What is the goal of the JHS?
The Jackson Heart Study (JHS) study is the largest investigation of causes of cardiovascular disease in African-Americans, involving more than 5,300 men and women in Jackson, Mississippi. The goal of the JHS is to investigate genetic and environmental factors to understand how African Americans are disproportionately affected by cardiovascular diseases, especially high blood pressure, coronary heart disease, heart failure, stroke, and peripheral arterial disease. The NHLBI and the National Institute on Minority Health and Health Disparities co-sponsor this study.
A second goal of the JHS is to promote cardiovascular health through effective community outreach. The first step to reducing risk of heart disease or stroke is building knowledge at the community level about the risk factors of cardiovascular disease and about scientifically proven heart-healthy lifestyle changes that prevent these conditions. A third goal of the JHS is to design a program to increase the number of African-American health professionals. The JHS conducts college undergraduate and graduate-level training programs and high school science and math enrichment programs to prepare and encourage underrepresented minority students to pursue biomedical careers.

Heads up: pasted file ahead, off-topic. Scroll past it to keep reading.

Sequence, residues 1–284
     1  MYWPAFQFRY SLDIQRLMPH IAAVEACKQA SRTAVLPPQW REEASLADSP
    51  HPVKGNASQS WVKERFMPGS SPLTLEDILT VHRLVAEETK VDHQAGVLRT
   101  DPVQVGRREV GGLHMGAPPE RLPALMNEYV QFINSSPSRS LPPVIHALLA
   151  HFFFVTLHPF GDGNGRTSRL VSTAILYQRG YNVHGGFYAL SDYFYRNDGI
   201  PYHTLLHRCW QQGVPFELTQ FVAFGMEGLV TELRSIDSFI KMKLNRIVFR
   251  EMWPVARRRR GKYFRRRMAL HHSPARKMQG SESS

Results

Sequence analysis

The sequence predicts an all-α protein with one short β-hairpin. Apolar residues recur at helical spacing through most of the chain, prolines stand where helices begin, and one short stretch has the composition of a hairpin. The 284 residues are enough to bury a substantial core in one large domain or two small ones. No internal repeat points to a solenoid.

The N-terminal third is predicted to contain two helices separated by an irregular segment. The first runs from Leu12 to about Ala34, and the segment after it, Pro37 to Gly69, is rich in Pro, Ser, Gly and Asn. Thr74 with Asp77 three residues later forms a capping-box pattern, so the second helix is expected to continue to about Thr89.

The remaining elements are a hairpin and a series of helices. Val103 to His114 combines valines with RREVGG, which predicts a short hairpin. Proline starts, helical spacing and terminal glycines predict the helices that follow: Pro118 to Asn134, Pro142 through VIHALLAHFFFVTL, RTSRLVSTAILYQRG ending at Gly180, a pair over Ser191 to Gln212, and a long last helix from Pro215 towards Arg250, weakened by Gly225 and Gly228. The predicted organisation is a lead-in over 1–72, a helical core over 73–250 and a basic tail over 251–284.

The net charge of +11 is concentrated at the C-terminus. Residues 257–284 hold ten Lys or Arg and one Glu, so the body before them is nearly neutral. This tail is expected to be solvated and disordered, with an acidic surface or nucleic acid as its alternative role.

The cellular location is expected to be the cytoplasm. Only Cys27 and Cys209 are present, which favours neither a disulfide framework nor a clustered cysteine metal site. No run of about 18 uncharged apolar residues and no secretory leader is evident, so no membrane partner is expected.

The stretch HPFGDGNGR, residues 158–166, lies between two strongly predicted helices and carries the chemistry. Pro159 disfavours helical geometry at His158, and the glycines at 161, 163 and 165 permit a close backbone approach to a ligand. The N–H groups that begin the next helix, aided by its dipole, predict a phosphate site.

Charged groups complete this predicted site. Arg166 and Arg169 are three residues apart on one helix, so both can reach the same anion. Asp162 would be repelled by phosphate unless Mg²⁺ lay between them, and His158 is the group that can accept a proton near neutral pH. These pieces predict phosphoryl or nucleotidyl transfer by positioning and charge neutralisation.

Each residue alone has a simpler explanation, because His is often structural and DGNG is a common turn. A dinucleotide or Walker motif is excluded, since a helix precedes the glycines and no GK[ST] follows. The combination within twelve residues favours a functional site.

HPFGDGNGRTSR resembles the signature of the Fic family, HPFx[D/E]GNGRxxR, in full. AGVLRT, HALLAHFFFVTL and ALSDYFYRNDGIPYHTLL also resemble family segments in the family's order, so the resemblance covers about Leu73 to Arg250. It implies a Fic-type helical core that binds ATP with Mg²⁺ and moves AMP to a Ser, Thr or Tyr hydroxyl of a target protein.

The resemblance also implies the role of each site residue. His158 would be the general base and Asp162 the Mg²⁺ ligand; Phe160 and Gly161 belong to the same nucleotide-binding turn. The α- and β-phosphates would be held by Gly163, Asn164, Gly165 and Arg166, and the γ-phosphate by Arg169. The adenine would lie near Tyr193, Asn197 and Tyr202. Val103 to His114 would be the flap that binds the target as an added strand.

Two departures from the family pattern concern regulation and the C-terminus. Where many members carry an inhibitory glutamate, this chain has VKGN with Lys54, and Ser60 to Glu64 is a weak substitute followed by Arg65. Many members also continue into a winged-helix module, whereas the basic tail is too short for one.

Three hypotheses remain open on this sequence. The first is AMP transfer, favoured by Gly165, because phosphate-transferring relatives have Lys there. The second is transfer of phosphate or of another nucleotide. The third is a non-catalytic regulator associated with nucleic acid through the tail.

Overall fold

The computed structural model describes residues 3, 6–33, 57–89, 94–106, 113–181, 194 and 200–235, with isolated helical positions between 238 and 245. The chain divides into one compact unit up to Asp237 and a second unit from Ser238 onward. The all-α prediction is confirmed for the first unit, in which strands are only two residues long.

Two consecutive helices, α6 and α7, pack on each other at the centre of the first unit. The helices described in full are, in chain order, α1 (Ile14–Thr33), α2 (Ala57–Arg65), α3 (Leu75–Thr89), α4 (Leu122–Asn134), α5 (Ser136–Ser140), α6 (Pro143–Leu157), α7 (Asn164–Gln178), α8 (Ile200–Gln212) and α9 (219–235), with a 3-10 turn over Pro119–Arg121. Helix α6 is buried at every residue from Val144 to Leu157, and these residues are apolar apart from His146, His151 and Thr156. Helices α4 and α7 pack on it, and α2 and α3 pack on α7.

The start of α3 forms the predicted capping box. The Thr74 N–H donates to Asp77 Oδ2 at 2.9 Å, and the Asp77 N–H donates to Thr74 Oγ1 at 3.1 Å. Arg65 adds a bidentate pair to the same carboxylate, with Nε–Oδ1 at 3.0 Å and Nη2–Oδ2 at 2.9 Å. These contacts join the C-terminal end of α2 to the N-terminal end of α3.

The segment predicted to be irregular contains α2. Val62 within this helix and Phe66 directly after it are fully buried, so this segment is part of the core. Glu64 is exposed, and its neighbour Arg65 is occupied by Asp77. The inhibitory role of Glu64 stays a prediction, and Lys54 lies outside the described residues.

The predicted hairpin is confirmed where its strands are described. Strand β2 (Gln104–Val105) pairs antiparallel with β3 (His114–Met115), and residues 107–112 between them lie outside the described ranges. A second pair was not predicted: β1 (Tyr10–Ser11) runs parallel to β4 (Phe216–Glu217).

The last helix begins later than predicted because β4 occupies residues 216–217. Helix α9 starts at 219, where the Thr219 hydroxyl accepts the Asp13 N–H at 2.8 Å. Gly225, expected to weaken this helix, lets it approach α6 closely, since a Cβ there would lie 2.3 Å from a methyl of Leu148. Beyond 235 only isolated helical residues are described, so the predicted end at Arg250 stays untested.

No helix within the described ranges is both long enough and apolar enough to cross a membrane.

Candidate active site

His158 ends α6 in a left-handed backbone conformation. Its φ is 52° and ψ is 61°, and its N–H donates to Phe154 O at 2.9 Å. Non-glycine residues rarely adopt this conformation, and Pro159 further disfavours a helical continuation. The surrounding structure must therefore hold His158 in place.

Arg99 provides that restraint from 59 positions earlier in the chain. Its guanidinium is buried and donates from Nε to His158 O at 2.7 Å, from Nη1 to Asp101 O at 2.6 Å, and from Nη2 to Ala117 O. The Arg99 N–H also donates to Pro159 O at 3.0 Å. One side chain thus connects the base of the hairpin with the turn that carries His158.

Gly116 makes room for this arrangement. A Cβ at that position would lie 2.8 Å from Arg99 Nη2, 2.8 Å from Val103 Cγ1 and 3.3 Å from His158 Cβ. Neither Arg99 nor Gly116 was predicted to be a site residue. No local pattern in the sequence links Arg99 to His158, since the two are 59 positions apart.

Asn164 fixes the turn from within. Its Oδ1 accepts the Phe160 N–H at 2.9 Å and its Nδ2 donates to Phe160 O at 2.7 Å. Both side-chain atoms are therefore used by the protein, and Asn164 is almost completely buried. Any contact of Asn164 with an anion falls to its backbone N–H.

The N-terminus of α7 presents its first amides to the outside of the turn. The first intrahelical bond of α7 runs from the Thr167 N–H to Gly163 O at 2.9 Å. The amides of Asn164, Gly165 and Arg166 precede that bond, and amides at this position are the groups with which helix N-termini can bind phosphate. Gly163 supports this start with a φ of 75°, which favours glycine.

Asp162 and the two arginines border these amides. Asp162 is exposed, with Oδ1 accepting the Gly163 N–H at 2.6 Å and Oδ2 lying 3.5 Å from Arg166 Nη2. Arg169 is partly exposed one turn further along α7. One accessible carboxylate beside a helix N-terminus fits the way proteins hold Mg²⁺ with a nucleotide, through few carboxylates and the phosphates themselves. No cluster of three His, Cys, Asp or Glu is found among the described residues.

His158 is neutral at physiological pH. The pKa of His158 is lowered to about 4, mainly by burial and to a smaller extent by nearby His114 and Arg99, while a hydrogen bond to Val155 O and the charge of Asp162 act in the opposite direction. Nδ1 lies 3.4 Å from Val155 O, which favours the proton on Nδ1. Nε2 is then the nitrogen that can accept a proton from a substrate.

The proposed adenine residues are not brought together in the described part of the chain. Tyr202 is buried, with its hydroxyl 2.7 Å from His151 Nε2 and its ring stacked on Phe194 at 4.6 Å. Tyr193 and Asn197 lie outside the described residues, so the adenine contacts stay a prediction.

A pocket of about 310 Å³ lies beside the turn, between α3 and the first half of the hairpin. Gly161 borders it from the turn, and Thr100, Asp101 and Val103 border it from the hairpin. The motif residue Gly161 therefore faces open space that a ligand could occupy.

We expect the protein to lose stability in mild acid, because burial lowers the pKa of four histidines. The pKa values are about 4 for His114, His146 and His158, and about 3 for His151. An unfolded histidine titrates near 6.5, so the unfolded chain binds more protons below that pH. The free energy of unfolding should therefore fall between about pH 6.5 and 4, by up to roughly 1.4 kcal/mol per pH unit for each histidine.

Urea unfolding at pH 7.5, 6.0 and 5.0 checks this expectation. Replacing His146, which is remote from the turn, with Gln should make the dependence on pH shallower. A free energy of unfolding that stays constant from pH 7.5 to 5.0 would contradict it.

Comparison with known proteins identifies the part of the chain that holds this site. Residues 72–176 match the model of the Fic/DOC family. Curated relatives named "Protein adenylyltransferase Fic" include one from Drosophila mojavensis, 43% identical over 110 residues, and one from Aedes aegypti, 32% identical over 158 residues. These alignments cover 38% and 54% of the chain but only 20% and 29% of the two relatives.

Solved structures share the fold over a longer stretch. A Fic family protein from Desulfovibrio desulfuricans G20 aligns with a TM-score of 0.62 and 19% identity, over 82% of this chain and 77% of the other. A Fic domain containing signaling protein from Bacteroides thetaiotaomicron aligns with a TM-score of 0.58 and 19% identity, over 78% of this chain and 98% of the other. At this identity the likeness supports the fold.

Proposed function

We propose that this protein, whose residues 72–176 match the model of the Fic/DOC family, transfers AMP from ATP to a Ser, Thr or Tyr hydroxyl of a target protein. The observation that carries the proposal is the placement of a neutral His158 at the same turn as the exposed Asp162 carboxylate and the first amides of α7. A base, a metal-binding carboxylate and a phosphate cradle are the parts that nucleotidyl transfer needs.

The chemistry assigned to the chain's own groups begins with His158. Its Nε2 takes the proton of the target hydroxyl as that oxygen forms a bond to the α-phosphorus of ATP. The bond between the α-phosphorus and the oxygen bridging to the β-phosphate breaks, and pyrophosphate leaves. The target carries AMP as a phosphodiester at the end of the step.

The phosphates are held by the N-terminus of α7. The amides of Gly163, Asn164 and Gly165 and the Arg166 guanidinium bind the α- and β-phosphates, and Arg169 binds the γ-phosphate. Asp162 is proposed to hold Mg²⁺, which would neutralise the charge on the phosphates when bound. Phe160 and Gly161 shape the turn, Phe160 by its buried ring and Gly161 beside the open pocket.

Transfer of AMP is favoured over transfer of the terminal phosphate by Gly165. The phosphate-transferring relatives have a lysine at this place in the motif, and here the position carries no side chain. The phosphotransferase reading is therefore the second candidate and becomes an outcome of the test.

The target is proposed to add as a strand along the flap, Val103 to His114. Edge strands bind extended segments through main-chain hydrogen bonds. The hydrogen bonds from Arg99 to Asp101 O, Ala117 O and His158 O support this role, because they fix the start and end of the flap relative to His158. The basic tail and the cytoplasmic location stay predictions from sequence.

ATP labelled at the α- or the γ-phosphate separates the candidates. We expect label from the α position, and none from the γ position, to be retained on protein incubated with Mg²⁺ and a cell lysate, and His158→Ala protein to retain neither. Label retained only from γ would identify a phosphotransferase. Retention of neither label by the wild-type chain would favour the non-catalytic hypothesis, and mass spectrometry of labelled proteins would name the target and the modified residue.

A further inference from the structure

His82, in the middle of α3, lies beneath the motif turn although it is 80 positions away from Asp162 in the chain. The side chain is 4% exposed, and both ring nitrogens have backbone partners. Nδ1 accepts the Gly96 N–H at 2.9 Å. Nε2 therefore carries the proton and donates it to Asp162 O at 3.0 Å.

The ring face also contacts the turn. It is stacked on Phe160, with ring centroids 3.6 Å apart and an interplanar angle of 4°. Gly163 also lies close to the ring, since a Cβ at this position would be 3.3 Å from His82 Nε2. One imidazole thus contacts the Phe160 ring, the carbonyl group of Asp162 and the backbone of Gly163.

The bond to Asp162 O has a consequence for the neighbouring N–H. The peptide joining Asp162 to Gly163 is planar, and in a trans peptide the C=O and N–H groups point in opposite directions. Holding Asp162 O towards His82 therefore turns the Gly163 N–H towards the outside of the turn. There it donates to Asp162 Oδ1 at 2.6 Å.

Through the integrated components of research, community outreach, and training, investigators with the JHS will gain critical knowledge about cardiovascular disease in African-Americans to improve the health of the local community and Nation.
AT A GLANCE
- The JHS is the largest single-site investigation of cardiovascular disease among African-Americans ever undertaken.
- The study has observed how participants live and analyzed how their heart health relates to their environment.
- Additional features of the JHS include a community health awareness program and a training program for minority students in the health science field.
- JHS study findings have been presented in nearly 400 publications.
What are the key findings of the JHS?
Discoveries made by JHS researchers include a gene variant in African-Americans that doubles the risk of heart disease; the finding that even small spikes in blood pressure can lead to a higher risk of death; and a sickle cell trait linked to a higher risk of kidney disease. These findings could lead to new ways for researchers to treat heart disease in African Americans.
- Jackson Heart Study (JHS)
Cardiovascular diseases are the leading causes of death for African-Americans. Both genetics and the environment play important roles in controlling the complex relationships between behaviors, risk factors, and cardiovascular diseases. Because of that, investigators with the JHS have also collected data on coping strategies, stressful situations, perceptions of discrimination, access to health care, medical history, and community characteristics to gain further knowledge on how the environment may affect the risk for cardiovascular diseases. The knowledge learned can help combat the high rate of heart disease in this population.